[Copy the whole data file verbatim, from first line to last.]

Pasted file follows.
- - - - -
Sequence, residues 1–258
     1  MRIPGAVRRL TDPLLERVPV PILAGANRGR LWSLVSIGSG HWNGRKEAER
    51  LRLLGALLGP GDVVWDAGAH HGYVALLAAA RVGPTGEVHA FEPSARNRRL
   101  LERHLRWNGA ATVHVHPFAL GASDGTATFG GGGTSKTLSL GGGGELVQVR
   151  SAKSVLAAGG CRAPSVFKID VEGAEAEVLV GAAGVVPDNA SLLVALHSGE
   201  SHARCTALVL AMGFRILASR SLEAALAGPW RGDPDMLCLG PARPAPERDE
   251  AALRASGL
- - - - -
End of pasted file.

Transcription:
Sequence, residues 1–258
     1  MRIPGAVRRL TDPLLERVPV PILAGANRGR LWSLVSIGSG HWNGRKEAER
    51  LRLLGALLGP GDVVWDAGAH HGYVALLAAA RVGPTGEVHA FEPSARNRRL
   101  LERHLRWNGA ATVHVHPFAL GASDGTATFG GGGTSKTLSL GGGGELVQVR
   151  SAKSVLAAGG CRAPSVFKID VEGAEAEVLV GAAGVVPDNA SLLVALHSGE
   201  SHARCTALVL AMGFRILASR SLEAALAGPW RGDPDMLCLG PARPAPERDE
   251  AALRASGL